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Making Games Art: The Designers' Manifesto
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Making Games Art: The Designers' Manifesto


March 31, 2009 Article Start Page 1 of 5 Next
 

[In a likely to be controversial manifesto, the veteran developers that cluster around the Project Horseshoe invitation only mini-conference have produced a list of problems -- and solutions -- for video games' continuing strides towards the pantheon of great art.]

Project Horseshoe is a unique conference that invites around 50 experienced game designers to huddle with scorpions and raccoons in the Texas wilderness and solve design's "toughest problems".

While this may sound like the basis for the next hit reality TV show, nobody usually gets voted off the compound. Instead, attendees break into workgroups and wrangle together presentations, reports, and action items intended to elevate and expand the profession and art of game design.

Conceived of and orchestrated by the legendary George "Fatman" Sanger, the third annual Project Horseshoe occurred this past November. One group met to discuss the most over-analyzed, utterly cliche, pathetic, hopeless, but still highly-relevant problems in game design: How can games be promoted as art?

The group consisted of Brenda Brathwaite (Chair and professor at the Savannah College of Art and Design and IGDA board member), Jenny Brusk (PhD candidate at Gotland University), Wendy Despain (of International Hobo), David Fox (co-founder of iWin.com), Olivier LeJade (design director of Mekensleep), Steve Meretzky (legendary Infocom designer, now at YouPlus), Jeff Pobst (executive producer at Hidden Path Games), Lance Priebe (Disney Online Studios), Jason Rohrer (renowned game artist and curator of arthousegames.com), and John Sharp (Professor at the Savannah College of Art and Design-Atlanta).

To most people in the world today, games are not art.

The 3D animation, orchestral soundtrack, or character design in games is often appreciated as art -- at least a low echelon of art similar to comic books. But rarely is the gameplay itself considered art. Game designers, as a whole, are not thought of as artists.

Look no further than your local newspaper's coverage of games -- more than likely, you have to look to the Technology section, not the Art section. In some cases, you might find coverage of games in a more general Entertainment section next to reviews for toys, TV shows, and Stephen King novels, but here we see games considered only as consumable pastimes, not as a serious cultural form. Games rarely grace the pages of middle-brow or high-brow publications.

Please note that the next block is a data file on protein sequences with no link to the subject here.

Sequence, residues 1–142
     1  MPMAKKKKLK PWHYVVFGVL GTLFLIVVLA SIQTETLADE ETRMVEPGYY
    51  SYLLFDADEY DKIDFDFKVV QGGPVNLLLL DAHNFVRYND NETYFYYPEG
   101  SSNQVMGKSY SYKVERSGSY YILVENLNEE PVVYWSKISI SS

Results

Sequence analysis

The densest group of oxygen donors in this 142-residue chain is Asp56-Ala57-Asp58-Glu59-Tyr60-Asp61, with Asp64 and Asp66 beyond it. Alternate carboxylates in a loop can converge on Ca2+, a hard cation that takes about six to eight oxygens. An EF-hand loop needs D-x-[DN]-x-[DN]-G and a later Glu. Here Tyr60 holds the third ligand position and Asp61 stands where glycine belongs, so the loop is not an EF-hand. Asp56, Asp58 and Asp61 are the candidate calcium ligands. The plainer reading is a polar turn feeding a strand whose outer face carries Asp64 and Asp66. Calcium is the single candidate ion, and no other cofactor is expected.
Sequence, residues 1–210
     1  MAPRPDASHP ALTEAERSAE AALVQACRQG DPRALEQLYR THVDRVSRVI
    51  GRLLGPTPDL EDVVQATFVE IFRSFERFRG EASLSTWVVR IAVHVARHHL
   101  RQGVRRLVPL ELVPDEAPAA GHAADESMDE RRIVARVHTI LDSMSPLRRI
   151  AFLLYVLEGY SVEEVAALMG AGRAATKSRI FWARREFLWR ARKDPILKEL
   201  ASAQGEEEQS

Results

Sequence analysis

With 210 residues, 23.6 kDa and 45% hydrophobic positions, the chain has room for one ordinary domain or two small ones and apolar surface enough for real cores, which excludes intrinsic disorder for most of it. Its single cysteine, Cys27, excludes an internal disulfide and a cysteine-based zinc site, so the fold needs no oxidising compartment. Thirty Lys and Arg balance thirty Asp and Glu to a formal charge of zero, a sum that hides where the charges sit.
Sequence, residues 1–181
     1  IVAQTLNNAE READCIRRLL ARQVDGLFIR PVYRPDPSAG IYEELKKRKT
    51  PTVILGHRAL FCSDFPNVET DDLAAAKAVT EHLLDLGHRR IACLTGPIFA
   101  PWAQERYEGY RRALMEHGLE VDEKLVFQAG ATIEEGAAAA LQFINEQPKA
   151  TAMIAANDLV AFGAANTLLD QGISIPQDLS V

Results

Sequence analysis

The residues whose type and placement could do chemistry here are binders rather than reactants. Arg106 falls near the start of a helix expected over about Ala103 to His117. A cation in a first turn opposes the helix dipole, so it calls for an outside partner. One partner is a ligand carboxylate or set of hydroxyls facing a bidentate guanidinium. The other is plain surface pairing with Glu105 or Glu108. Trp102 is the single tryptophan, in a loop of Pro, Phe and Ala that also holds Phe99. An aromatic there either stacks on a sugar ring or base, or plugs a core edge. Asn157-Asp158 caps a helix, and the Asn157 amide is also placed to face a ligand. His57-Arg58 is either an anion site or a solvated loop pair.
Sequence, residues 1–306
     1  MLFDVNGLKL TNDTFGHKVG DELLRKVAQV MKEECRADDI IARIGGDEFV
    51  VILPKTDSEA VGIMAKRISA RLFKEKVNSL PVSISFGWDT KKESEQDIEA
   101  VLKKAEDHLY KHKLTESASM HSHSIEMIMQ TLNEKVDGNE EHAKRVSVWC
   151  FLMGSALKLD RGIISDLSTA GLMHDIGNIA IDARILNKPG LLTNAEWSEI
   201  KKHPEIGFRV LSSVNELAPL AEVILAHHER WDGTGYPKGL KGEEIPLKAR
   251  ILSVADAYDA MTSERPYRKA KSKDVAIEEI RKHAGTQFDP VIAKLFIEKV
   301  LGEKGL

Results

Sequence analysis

In contrast, the moving image has both an art form (film) and a mass-market product (movies), painting has both fine art and commercial art, illustrated stories have both graphic novels and comic books, novels have both literature and pulp. But games are still just games -- a mechanically-produced form of mass-market entertainment with lots of cool technologies used to make them and play them.

The first question to ask, of course, is "Who cares?" Game designers already make good money just playing with play all day. Why be a prima donna whiner and blather about art? Do we really want game designers smashing their laptops on stage, slashing off their ears, or acting (even more) abusive at black tie galas?

The Horseshoe group believes that promoting games as art would ultimately make for a wider variety and greater depth of games. Games would have a cohesive polish and vision. Games could go beyond genres, appealing to a wider group that could explore new forms of play. They would have more significance to people, truly impacting more lives. And games would actually sell better and live longer lives because they'd be more essential to a wider swath of society.

To get a sense of where we want to go, we need only look to the slightly-younger medium of film. As outlined in books such as Peter Biskin's Down and Dirty Pictures: Miramax, Sundance, and the Rise of Independent Film, even though independent and arthouse film existed since the beginning of the medium, most movies with artistic intentions were appreciated only in obscurity.

It took the glamour of Robert Redford taking over the Sundance Festival, the marketing savvy of Miramax, and the commercial success of films such as Sex, Lies, and Videotape and Reservoir Dogs to create a thriving and ongoing market for artistic films and make the wider world sit up and appreciate certain films as art.


Article Start Page 1 of 5 Next

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